LG announces 3D smartphone; Google hiring to bolster Android apps

by Phil Hornshaw

LG is bringing an entire third dimension to its mobile business this month, when it debuts its Optimus 3D -- a smartphone with a glasses-free 3D screen.

LG has announced the new phone will be on display the Mobile World Congress in Barcelona on Feb. 14, according to Ars Technica. In addition to including a stereoscopic 3D screen, it’ll also feature a dual-lens camera capable of recording 3D camera. It also seems to include a front-facing camera, though specs aren’t known yet. Pretty snazzy.

There are also rumors that the Optimus 3D will be a pretty powerful little device, sporting a dual-core processor and multichannel RAM. It’ll also include HDMI out for high-definition TV monitor playback of the cool stuff you record on it.

One wonders what else the Optimus 3D will be capable of doing, since LG has been pushing the envelope with its other phones. The Optimus 2X is also pretty powerful, and LG is working to make it capable of allowing users playing games on the device to compete against players on different platforms, like PCs and PlayStation 3s, in its games. Optimus 3D seems to be capable of handling great features like that, as well.

But as Ars points out, battery life could potentially be an issue. Glasses-free 3D is a battery drain, as are things like dual core processors, so how the Optimus 3D stands up against less luxurious smartphones will be interesting. Still, LG has the potential to push the Android platform to its limit even more with its 3D offering -- it could have specially made 3D Android apps, work out a deal with Sony to stream 3D video content, and make use of all that hardware power to do other cool things like the gaming capabilities mentioned above.

Google looking for employees to help make better apps

While LG is making powerful devices to utilize Android, Google (GOOG) is hoping to increase the quality of the platform’s apps.

According to a Wall Street Journal story, Google is poised to hire “dozens” of programmers and engineers to build Android mobile apps. The company is setting up “app labs” and is already assigning existing employees to work at them.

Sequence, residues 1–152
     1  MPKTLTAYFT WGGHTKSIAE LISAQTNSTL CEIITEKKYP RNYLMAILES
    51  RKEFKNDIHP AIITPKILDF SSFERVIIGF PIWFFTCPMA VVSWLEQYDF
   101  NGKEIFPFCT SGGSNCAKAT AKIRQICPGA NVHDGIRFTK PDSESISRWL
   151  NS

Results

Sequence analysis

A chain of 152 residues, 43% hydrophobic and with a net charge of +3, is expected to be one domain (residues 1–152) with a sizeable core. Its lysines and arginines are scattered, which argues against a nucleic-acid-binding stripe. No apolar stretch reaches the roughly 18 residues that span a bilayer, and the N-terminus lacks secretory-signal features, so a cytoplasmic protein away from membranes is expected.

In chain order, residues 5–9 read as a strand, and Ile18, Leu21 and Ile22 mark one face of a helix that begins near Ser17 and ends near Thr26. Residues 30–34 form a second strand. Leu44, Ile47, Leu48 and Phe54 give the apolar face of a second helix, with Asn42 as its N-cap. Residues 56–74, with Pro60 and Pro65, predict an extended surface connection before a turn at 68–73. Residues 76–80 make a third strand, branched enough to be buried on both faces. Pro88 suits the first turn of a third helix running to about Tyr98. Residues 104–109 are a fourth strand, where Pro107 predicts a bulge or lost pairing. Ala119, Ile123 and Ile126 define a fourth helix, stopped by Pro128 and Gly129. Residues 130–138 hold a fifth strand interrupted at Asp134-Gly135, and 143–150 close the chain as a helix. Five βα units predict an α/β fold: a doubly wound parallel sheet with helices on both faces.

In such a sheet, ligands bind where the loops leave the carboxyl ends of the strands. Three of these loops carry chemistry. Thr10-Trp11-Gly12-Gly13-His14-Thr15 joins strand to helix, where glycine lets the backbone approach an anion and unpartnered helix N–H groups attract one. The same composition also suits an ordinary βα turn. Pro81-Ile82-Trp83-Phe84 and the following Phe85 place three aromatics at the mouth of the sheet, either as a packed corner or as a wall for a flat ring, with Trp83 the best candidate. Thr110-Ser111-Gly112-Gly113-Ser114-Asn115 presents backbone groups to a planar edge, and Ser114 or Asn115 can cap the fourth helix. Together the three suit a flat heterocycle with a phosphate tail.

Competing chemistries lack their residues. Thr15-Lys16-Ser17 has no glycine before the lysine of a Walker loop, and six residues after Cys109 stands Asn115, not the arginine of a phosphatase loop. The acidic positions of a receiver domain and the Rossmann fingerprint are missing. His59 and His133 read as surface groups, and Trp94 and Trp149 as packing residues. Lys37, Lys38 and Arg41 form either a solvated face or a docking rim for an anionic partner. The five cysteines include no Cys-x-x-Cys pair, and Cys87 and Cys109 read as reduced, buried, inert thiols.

Google’s looking to address two major problems: first, despite Android’s popularity, app sales on the platform haven’t been what the company had hoped, according to Engadget. Second, Google wants to close the massive gap between Android and Apple’s iTunes App Store, which offers thousands more apps than the Android Market right now.

According to the WSJ story, all of the apps Google is working on will be free and potentially ad-supported. The company is expanding into new areas with its apps, including games, and is also trying to get more developers interested in Android by offering to promote them (probably much like the way Apple (AAPL) does with its New & Noteworthy section in the App Store), or by having them pre-installed on phones.

And rumor has it that Google could be rolling out two new services at an Android event Google is holding tomorrow. Engadget has heard that the company will announce a web-based portal for the Android Market, which will make finding and buying apps a whole lot easier, and a cloud-based music backup and streaming service called Google Music.

We’ll have more details on whether the rumors are true after tomorrow’s event, which is scheduled to start at 10 a.m. PST.

All of this new info seems to suggest that Google is really kicking its app business into gear, and will hopefully translate into an app environment for Android that’s coming into more serious competition with Apple’s iOS devices. At the very least, it’ll mean higher-quality branded apps for Google, at no cost to consumers.